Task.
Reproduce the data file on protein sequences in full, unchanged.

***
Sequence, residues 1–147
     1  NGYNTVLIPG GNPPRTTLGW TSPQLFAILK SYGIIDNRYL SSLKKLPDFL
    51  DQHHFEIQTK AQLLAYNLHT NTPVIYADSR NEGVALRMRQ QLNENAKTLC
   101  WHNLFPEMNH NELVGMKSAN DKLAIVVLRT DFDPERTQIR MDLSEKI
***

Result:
Sequence, residues 1–147
     1  NGYNTVLIPG GNPPRTTLGW TSPQLFAILK SYGIIDNRYL SSLKKLPDFL
    51  DQHHFEIQTK AQLLAYNLHT NTPVIYADSR NEGVALRMRQ QLNENAKTLC
   101  WHNLFPEMNH NELVGMKSAN DKLAIVVLRT DFDPERTQIR MDLSEKI